Over winter many people find their turnout reduces and stabling increases, this might be because your field is flooded or turned to mud, or it might simply be because the nights are longer meaning your horse comes in earlier. One of the problems this can cause is colic.
Vets tend to see a rise of impaction colic cases at this time of year. A combination of routine change, increased stabling and reduced water intake tends to be the cause. Switching from grass to dry, preserved forage (for example hay) will naturally reduce their water intake, but also many horses do not like drinking ice cold water! This combination of reduced exercise and reduced water intake will slow the movement of food through the gut; meaning more water is reabsorbed from the digestive contents and leads to an impaction colic.
What are the signs of colic?
- Restless or agitated – repeatedly rolling, attempting to lie down, sweating and pacing.
- Off food or reduced appetite
- Reduced or absent droppings or change in faecal consistency
- Abdominal pain – flank watching, kicking at belly, pawing
- Tired or lethargic
These symptoms can vary widely between horses but if you are concerned your horse has colic you should contact your Vet immediately. Early detection and prompt Veterinary treatment will increase the chance of recovery for your horse.
What can you do to reduce the risk of colic?
- Monitor your horse closely for signs of colic.
- Monitor how much your horse is drinking and urinating.
- Ensure a constant supply of clean fresh drinking water. In the cold weather ensure their water supply is not frozen and try to take the chill off it to encourage drinking.
- Try to increase their water intake – you can add water to their feed, or hay. You can offer an extra bucket of water (in addition to clean fresh water) with some extra apples, grated carrot or apple juice.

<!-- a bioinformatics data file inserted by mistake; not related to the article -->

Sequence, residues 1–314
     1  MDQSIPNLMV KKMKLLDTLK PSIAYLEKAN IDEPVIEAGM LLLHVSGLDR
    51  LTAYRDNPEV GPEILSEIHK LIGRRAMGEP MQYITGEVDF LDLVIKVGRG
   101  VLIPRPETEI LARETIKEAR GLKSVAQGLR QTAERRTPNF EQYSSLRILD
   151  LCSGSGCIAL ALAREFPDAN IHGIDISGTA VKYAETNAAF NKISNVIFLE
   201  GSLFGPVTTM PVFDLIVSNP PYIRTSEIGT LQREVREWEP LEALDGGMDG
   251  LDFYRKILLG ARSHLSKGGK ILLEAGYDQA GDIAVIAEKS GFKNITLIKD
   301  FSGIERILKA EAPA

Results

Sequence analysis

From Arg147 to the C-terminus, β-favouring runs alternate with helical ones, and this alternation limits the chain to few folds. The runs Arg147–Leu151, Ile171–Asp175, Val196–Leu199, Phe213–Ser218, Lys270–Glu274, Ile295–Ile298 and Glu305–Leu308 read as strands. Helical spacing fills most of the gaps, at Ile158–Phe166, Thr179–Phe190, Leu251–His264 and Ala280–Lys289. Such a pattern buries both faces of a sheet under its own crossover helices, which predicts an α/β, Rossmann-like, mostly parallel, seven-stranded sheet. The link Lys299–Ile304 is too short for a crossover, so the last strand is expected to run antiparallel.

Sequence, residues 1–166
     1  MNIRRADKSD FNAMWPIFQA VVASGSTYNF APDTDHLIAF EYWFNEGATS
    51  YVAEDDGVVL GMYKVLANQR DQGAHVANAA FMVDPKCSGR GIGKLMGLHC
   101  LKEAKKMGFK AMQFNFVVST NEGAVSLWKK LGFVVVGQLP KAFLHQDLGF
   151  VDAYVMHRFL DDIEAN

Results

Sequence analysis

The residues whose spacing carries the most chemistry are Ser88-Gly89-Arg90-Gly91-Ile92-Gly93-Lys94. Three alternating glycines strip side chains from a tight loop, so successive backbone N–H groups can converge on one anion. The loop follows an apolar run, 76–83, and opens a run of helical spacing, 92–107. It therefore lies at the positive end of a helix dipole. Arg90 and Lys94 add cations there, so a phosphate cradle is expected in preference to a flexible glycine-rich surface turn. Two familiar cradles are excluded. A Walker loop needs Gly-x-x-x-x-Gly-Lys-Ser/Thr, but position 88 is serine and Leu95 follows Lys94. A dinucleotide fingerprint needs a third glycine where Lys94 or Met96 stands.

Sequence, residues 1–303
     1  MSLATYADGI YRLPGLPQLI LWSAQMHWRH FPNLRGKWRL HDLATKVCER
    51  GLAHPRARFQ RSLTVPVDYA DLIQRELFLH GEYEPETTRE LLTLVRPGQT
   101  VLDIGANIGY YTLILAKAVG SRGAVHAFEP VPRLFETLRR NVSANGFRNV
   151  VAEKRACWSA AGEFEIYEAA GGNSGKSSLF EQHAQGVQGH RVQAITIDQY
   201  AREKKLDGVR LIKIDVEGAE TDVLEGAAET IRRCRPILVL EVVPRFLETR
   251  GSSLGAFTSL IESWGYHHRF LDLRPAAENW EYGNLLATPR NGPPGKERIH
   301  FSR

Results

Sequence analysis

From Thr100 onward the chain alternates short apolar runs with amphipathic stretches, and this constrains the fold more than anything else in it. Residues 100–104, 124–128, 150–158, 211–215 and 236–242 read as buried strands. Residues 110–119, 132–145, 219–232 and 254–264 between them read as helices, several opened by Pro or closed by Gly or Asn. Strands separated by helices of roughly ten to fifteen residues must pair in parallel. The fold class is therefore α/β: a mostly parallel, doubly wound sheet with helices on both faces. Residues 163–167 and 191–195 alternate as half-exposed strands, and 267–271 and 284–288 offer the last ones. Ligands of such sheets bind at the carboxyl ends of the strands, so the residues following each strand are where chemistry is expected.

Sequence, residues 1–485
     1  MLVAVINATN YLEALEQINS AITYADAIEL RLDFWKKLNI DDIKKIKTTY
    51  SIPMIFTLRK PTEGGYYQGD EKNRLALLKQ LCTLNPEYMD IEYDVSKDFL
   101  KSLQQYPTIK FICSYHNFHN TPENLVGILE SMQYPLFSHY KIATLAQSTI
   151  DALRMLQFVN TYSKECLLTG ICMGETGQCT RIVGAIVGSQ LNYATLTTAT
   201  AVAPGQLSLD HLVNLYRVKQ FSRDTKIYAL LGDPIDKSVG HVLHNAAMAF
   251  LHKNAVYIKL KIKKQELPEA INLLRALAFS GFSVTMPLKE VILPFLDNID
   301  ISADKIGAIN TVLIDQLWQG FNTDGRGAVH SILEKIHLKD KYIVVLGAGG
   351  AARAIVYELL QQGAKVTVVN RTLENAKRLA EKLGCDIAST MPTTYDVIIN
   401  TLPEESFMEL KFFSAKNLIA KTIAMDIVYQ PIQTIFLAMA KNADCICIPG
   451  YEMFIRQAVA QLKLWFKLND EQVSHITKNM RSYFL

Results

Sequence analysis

- Monitor their faeces – check the consistency and frequency. Small hard nuggets and reduced number can be an indication of a problem.
- Introduce any changes to their routine and diet gradually where possible, ideally over 10-14 days.
- Regular exercise – this doesn’t need to be ridden; handwalking or handgrazing can be beneficial and keep things moving.
- If your grazing is very sparse you may need to consider supplementing forage whilst turned out. This is to reduce the risk of your horse foraging and eating poisonous plants (such as acorns) or too much sand (for those of you on sandy ground). Consult your nutritionist or Vet for advice if you have an overweight horse or pony.
- Electrolytes aren’t just for summer! If your horse is working hard over winter and sweating, or sweating because they are unclipped, you may need to supplement with electrolytes.
- Act early if you are worried about your horse by calling your Vet for advice. Make sure you have a care and emergency plan in place, so that all looking after your horse know what to do in an emergency.
Our knowledgeable and friendly team at Equine America are here to help, please feel free to get in contact!